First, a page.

A team of scientists at LSU Health Sciences Center New Orleans has discovered the structure of the active form of E6-associated protein (E6AP), an enzyme that acts as a master regulator in the body. They report, for the first time, that the active form of E6AP is composed of three distinct protein molecules. E6AP controls functions as diverse as the ability of nerve cells to "rewire" themselves in response to external stimuli and the mechanism by which certain viruses, like human papillomaviruses or HPV, hijack normal cellular processes in order to replicate -- a process that can ultimately lead to cancer. The research will be published in the January 10, 2014, issue of the Journal of Biological Chemistry.
"Because the assembly of cells is like an elaborate tinker toy set in which the parts can be used in different combinations to serve various roles, E6AP normally functions in nerve cells to direct brain development and in a functionally related process termed neuronal plasticity which allows nerve cells to alter their patterns of communication with neighboring cells during learning," notes Arthur Haas, PhD, the Roland Coulson Professor and Chairman of Biochemistry and Molecular Biology at LSU Health Sciences Center New Orleans and Director of the laboratory in which the work was performed.
The research team included lead investigator Dr. Virginia Ronchi, a postdoctoral fellow, and her colleagues, Jennifer Klein and Dr. Daniel Edwards, all of whom work in Dr. Haas's laboratory at LSU Health Sciences Center New Orleans School of Medicine.
Inherited loss of E6AP function in the brain results in the mild to severe neurodevelopmental defects of Angelman Syndrome which occur in 1 in 10,000-20,000 births. Angelman Syndrome is a developmental condition characterized by severe mental retardation in children because the brain is unable to "learn" by adapting its nerve connections to outside stimuli. In contrast, other types of mutations that lead to increases in brain E6AP activity are thought to cause certain forms of inherited Autism Spectrum Disorder (ASD), suggesting that a carefully orchestrated balance of E6AP function is necessary for normal brain development.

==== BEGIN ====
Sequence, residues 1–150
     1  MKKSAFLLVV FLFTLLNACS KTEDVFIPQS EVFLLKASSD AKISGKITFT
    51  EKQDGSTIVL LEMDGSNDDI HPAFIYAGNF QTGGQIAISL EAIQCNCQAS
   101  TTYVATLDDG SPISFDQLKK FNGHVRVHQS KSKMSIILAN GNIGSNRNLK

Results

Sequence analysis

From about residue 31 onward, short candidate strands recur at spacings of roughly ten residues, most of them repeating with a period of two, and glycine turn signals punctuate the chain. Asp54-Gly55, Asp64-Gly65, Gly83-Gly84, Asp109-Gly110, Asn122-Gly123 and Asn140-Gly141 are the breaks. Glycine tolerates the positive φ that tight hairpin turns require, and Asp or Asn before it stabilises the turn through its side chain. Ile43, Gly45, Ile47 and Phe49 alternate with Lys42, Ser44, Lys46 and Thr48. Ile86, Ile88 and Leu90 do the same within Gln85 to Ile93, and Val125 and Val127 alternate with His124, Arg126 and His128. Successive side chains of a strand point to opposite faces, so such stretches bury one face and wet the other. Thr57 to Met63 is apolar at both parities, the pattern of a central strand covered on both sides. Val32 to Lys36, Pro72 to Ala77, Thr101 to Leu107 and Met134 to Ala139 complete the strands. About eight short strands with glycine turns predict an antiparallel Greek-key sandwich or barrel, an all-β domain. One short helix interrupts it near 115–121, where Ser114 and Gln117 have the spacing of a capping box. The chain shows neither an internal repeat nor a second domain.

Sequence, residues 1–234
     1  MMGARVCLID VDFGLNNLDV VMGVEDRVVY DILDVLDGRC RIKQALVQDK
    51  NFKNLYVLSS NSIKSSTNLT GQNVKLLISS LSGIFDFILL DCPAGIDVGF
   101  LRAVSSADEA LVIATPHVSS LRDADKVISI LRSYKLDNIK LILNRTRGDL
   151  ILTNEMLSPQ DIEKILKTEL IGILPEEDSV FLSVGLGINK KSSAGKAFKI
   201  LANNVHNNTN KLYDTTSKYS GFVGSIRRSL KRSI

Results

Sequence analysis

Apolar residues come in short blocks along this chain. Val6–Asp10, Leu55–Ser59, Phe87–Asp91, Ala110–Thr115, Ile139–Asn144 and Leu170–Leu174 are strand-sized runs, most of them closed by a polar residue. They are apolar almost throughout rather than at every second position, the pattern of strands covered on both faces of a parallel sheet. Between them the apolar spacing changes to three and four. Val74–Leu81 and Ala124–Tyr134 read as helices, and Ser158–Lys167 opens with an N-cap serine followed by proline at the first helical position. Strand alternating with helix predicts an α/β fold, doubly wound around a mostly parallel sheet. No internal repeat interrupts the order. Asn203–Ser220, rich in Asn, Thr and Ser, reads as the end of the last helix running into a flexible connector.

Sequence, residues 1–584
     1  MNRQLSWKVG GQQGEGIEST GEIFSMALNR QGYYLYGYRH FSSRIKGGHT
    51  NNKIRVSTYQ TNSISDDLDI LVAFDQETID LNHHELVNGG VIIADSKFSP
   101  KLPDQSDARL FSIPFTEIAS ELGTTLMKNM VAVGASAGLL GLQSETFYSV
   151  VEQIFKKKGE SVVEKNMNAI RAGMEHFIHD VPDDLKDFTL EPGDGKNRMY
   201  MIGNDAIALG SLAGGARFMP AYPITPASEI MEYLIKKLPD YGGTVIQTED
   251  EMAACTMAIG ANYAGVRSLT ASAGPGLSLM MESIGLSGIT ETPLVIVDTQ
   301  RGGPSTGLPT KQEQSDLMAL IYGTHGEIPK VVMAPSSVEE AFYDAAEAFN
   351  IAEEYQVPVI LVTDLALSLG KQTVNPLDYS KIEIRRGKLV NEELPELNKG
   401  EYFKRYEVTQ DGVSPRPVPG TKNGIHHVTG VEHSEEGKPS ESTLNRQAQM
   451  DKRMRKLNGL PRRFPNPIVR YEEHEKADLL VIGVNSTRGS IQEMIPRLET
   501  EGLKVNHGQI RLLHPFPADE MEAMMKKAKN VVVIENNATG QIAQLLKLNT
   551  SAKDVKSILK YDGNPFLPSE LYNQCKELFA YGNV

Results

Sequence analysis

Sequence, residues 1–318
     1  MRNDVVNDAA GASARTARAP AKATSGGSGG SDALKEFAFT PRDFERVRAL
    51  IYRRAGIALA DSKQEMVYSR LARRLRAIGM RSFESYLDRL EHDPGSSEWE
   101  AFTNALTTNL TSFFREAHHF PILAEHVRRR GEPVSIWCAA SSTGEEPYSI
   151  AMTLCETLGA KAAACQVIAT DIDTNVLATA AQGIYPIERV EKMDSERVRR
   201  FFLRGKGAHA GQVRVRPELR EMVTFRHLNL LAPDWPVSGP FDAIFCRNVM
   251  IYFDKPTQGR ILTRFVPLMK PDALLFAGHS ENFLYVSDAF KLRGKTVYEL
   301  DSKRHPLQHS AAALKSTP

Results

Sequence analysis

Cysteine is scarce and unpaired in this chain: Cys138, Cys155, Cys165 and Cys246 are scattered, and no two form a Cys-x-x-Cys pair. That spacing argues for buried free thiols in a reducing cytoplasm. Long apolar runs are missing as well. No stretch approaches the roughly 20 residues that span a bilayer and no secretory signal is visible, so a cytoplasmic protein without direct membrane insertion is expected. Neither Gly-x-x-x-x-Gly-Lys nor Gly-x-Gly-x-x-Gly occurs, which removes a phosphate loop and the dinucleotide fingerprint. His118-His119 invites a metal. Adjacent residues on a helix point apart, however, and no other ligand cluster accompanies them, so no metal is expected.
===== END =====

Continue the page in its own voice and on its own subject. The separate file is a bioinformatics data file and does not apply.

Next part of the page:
Computer analysis identified a region of the molecule critical for forming the three-part structure, allowing the investigators to create a drug to block the assembly and activity of the enzyme. The computer analysis also demonstrated that several mutations associated with Angelman Syndrome result from defects in assembly of the three protein molecules.
In other studies reported in the paper, Dr. Ronchi and her colleagues show that the replication strategy of two forms of HPV associated with cervical cancer hijacks normal cells, directing them to make a viral protein called E6 that binds to E6AP at the point of assembly and that this feature of the viral protein's function could be used to reverse the molecular assembly defects of the Angelman Syndrome mutations. While not a cure for Angelman Syndrome, this work emphasizes the feasibility of future drug design to promote E6AP assembly as a potential therapy for some forms of the disease. It also provides a target for vaccine and drug development to prevent or treat cervical cancers caused by HPV by derailing cell transformation at the step of E6-E6AP binding.
"The findings of Dr. Ronchi and her colleagues represent a major advance in our understanding of the mechanism of E6AP function and potential strategies for drug design to combat cervical cancer and familial ASD," concludes Dr. Haas. "Since E6AP is but one member of a larger superfamily of 29 related human enzymes, the current findings with E6AP have important implications for the other regulatory pathways within cells."
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